Also, Robert Lee Brewer at Writer’s Digest has some good points to add about ethics and plagiarism:
Quick note on ethics: There is a line to be drawn between erasure poems and plagiarism. If you’re not erasing more than 50% of the text, then I’d argue you’re not making enough critical decisions to create a new piece of art. Further, it’s always good form to credit the original source for your erasures.

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Washington International School

Dignity and Equality

Something that seems to be true as I read news articles to find my source texts for these erasure poems is that I am increasingly critical of and disappointed with the writing of the news. Today I was annoyed and angered by what felt lazy, seemed precious and coy. The Times editorial board wrote a piece about the attack on voting rights and how we’re in a perfect moment for the Supreme Court to do something about it.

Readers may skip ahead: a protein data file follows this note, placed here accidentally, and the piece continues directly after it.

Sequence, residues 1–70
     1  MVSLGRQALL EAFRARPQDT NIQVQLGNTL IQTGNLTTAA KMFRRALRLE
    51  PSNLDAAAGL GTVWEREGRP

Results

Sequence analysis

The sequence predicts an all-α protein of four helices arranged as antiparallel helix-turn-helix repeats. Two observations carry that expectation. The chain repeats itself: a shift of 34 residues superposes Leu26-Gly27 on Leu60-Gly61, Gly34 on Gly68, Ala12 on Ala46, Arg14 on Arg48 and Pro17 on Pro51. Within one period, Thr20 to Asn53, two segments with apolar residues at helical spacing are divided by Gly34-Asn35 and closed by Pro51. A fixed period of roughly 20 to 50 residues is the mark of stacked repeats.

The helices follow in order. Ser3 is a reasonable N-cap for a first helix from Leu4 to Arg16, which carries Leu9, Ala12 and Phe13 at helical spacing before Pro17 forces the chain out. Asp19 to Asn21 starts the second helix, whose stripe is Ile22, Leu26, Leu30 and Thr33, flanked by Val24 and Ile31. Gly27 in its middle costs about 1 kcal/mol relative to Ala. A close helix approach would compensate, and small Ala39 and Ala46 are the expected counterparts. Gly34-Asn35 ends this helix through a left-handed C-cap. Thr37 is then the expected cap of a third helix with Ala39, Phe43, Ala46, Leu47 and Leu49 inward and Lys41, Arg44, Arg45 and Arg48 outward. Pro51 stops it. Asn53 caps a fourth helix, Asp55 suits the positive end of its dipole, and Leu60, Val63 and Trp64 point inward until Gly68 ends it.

For real? For real? A Supreme Court that is led by a man whose early career was dedicated to the dismantling of the Voting Rights Act and who had the gall in the Shelby decision to claim that we as a country had changed so dramatically that we no longer needed to hold states accountable for their discriminatory voting rights laws and procedures? That Supreme Court?

The Case for Dignity and Equality
(An erasure of Times editorial on the Supreme Court, racism, and voting rights)

African-Americans
are determined to be people.
A fact, evident
in the fight for voting rights.
The history of the United States
is the history of white people devising ways
to keep Black people from casting a ballot.
Disenfranchisement,
silencing the foundation for political action,
fundamental of all privileges of democracy —
to protect white power.

In the resurgence of overt racism and white nationalism,
Republican lawmakers make voting harder for minorities.
Redistricting and disenfranchisement — justified on race-neutral grounds —
targeted Black voters.
The insidious legacy of the Shelby decision:
free rein to discriminate.
The Supreme Court has willful blindness
and let discrimination flourish.

America was an apartheid state
in living memory.
Fact.
A dangerous notion.